Sunday, April 22, 2007

B cells keep the autoimmune pot boiling

B cells in mammals have two main purposes. One, they make antibodies to fight pathogens (harmful viruses, bacteria, fungus, protozoans). Two, they retain immune memory of the antibodies needed to win previous pathogen battles.

If B cells incorrectly decide some part of our body is an enemy pathogen, then they make antibodies to label and to destroy it. These antibodies are no different structurally than any other good antibody. Because these antibodies cause attacks on your own tissue, researchers call them autoantibodies.

B cells also retain a memory of how to make these autoantibodies during remissions. B cells keep the autoimmune process going and they can restart it again after it is brought into submission by DMARDS, TNF alpha inhibitors (Remicade, Enbrel, Humira). If the B cells which make the auto-antibodies (and which retain the memoryo how to make them) are not eliminated, then the autoimmune disease you have can never end. Many new medications are on the way to destroy B cells or hinder their ability to make antibodies.

The B cells make the IgG antibodies that label a protein so that dendritic cells and macrophages know what to attack, engulf and destroy. If that protein is in a pathogen, good for you. If that protein is a part of your own body, you have autoimmune disease.

When autoimmune flares occur, these autoantibody producing B cells very rapidly increase. They are born inside your bones in the bone marrow. You may have felt the aching pressure in your wrist and lower leg bones caused by their rapid growth. I know I have.

I remember lying awake at night feeling the tremendous pressure in my wrists and mentally considering whether I could relieve the pressure better by smashing the bone with a hammer or drilling into it with my electric drill. Of course I did neither. Eventually the pain lessened. Apparently the rapidly produced "baby B cells" had left my bone marrow and had gone out to the mucous membranes of my intestinal lining. That migration resulted in less bone pain, but more gut problems.

Here is the URL of an article describing how autoantibodies produced by B cells are the key to the continued propagation of the autoimmune feedback loop:

B cells come in an infinite variety. Most kinds are very beneficial. They are key components of your immune response to pathogens and cancer. Killing all the B cells in your body makes you more vulnerable to infectins and cancer. You will even be vulnerable to childhood infections you previously had immunity to.

Sadly the only B cell medication on the market today is Rituxan which kills all B cells—both autoimmune causing ones as well as life preserving ones. B cell therapies that target only autoantibody producing B cells are still years away.

Rituxan has a very high rate of side effects as it is a mostly mouse protein (30-70%) monoclonal antibody. (Human cancer cells are fused with mouse cells to make it.)

There are fully human B cell killers (monoclonals) on the way. HuMax CD-20 is closest to being approved. Maybe FDA will allow it for RA in a year or two. All other autoimmune suffers must wait another five to ten years for additional clinical trials in order to use the fully human, HuMax CD-20. Our only choice today is to a chance on severe advere reactions and use Rituxan.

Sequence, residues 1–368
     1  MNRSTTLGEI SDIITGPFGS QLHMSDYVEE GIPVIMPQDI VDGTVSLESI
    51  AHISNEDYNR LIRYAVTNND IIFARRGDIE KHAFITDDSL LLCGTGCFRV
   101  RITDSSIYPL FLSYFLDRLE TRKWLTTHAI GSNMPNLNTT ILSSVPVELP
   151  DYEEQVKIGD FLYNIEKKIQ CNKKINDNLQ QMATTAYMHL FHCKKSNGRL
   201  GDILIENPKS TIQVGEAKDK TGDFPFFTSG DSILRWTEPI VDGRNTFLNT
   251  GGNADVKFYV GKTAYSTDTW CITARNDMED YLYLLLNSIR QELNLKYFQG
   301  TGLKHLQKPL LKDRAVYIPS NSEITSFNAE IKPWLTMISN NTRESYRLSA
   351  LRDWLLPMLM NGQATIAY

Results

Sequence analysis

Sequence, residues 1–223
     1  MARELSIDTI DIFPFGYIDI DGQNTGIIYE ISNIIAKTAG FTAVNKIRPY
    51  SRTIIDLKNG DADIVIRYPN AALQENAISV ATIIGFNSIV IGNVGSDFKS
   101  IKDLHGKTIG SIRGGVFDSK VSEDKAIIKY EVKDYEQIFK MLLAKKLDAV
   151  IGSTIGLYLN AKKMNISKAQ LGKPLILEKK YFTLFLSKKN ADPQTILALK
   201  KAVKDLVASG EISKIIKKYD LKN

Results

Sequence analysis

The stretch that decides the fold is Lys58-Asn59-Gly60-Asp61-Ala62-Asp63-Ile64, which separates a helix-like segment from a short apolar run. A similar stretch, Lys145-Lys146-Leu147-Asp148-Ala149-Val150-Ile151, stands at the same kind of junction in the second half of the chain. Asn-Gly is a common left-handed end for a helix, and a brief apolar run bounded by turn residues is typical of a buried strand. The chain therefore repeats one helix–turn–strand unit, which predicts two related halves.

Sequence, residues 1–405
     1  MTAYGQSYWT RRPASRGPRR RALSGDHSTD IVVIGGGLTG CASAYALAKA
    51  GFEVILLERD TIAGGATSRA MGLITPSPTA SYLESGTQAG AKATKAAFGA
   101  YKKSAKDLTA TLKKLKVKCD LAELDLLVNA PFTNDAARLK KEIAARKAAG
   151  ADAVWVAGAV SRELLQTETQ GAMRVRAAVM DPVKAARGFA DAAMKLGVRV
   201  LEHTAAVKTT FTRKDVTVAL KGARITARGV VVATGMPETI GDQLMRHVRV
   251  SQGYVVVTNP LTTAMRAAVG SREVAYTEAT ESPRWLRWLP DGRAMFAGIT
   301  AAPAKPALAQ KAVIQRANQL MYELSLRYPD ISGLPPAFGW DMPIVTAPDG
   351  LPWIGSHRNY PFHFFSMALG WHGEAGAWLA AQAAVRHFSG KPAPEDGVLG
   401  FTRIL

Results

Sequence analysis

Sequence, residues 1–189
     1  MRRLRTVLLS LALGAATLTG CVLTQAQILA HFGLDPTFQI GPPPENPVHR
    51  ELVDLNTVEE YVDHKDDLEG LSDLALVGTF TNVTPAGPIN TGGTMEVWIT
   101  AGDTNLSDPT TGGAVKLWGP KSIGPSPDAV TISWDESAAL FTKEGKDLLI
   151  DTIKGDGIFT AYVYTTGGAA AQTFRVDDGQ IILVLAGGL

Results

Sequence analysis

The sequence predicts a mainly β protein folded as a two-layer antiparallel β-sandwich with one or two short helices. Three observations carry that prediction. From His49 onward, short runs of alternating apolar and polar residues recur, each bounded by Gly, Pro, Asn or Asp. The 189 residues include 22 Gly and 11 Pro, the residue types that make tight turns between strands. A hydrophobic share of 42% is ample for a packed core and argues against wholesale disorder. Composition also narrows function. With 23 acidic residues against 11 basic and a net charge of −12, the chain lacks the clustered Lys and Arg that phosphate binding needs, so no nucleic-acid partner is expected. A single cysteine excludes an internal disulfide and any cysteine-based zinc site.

Rituxan is a short term answer at best. Almost all humans will eventually have a severe, perhaps, life threatening reaction to the mouse protein. Maybe not the first time or the second, but eventually, your body will notice the mouse protein and your immune system will go nuts. The doctors call that an adverse reaction.

Today you are not allowed to be infused with Rituxan unless you are “prep-ed” first. The prep-ing consists of a strong dose of antihistamine and prednisone. The idea is that if this is your time to react, you already have two of the drugs in your system that are used to try to stop adverse reactions. They are not always successful.

Reactions include gross swelling of body parts, whole body hives, sudden loss of blood pressure to the extent that no oxygen gets to your brain. The scientific terms for this are angioedema, urticaria, and syncope. The whole fun process is called anaphylaxis. It is very often fatal. If you survive the onset of symptoms, plan on these symptoms re-occurring for a month or more. Rituxan has been engineered to have a very long half life in your body.

At the beginning of the twentieth century when transfusions were the rage and doctors did not yet know about blood types, many doctors said, "Blood is blood is blood. If my patient needs blood it does not matter what kind I give him." So they tried giving sheep blood. It was blood after all.

All their patients died from adverse reactions to the sheep proteins in the sheep blood. It took quite awhile for doctors to fully understand that animal blood when transfused into humans, killed the humans. (It is actually our own immune system that kills us by over reacting to the foreign blood proteins.) For that matter transfusing blood from one mammal species to any other would kill the recipient mammal. So vets do not give dog blood to a cat unless they want the cat to die.

Today Big Pharma with a lot of money to be made says, "a monoclonal is a monoclonal is a monoclonal. " Thankfully the FDA is finally requiring black box labeling om some of these mouse monoclonals. Many, many patients have already died first.

Currently much of the FDA budget is provided by Big Pharma, so it takes a lot of deaths before the FDA will warn us of a problem with any blockbuster drug from a large pharmaceutical company.

Remicade is another mouse monoclonal. I see no reason for anyone to use it when Enbrel and Humira are available. Neither Enbrel or Humira has mouse proteins in them. Humira is a fully human monoclonal.

More on B cells later.

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